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i was in a big box company once, and my direct manager knew I wasn’t too happy. they asked me to just inform them if I was interviewing for another position internally. I applied, but hadn’t been interviewed, when my direct manager said they’d heard that I’d applied. Made it seem like I shouldn’t have done that without informing them. I’m like, “hey, you said if I interviewed, I haven’t even gotten anything on the schedule yet.” big box politics are not my thing.

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That’s ridiculous of them to ask, if you don’t have a great relationship with them. But for future, you can try to make a non-committal reply when someone asks you for this, and then ask the hiring manager not to mention anything. That’s usually something people will understand and a very reasonable request.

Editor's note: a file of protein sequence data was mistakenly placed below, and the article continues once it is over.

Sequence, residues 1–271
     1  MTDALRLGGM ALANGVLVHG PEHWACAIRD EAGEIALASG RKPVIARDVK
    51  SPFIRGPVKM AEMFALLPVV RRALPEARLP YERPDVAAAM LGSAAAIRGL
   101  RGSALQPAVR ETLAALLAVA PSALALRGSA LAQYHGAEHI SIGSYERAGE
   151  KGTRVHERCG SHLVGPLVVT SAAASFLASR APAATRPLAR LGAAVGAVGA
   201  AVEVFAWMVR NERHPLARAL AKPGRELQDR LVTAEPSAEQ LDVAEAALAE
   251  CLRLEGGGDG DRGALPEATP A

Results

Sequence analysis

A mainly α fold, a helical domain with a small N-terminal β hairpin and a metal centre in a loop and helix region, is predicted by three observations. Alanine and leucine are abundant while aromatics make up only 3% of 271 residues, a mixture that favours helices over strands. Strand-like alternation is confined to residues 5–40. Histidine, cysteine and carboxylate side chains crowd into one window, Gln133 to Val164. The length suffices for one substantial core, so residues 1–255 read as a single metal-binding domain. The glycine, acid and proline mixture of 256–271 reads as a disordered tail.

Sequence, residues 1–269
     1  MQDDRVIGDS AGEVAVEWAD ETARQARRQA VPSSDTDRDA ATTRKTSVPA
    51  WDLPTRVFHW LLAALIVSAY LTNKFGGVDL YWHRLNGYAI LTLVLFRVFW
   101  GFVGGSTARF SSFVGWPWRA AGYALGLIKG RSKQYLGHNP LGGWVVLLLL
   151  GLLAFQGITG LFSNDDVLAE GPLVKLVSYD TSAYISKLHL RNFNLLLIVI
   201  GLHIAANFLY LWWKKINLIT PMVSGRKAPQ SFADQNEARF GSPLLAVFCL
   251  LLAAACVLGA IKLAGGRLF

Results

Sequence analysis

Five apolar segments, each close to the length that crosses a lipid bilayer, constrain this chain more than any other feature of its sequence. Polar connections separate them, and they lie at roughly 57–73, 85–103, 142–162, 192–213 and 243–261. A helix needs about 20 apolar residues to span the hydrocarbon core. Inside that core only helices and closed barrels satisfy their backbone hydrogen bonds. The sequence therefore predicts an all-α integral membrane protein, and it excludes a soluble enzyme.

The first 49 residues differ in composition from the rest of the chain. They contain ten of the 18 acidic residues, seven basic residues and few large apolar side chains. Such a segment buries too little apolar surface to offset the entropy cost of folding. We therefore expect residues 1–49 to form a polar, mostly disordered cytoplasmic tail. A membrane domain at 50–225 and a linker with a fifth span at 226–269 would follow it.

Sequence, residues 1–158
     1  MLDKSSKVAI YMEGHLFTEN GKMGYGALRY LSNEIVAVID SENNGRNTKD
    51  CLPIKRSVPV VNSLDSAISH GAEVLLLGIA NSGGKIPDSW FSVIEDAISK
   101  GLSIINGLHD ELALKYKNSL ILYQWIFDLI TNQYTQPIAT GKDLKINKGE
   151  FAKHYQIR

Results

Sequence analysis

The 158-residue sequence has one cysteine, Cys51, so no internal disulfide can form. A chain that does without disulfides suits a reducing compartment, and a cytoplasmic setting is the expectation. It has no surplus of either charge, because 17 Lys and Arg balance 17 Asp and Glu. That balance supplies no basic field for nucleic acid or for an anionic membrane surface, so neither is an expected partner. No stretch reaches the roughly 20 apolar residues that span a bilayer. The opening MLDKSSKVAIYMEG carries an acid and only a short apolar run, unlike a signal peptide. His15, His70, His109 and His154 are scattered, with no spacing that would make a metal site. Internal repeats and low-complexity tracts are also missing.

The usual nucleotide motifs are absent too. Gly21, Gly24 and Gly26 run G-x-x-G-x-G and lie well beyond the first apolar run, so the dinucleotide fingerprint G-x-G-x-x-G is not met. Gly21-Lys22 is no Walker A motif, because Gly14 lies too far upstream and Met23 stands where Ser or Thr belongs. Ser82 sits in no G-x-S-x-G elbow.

At an old company of mine, you, the employed applicant, were required to inform your own manager about pursuing internal jobs BEFORE you applied for them.
So, it would be another type of cat/mouse game, where you drop the info casually, “Hey, Boss, DifferentBoss has an opening and that sounds interesting. Do you mind if I apply?” And they can not refuse your request. But, will they be butthurt? Maybe. Will their life have more work, replacing you? Probably.

“Somehow I feel I am at least partially responsible.” – Michael Scott

In my company, everyone in the group would know that you’d applied. In fact, your manager probably would’ve already recommended you to the hiring manager prior to the job being posted. We’re a smallish company that encourages people to move around and try different positions.
We’d also welcome the person back to our team if they decided they didn’t like the new job as well as the old.

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:heart_eyes_cat: Are you guys hiring?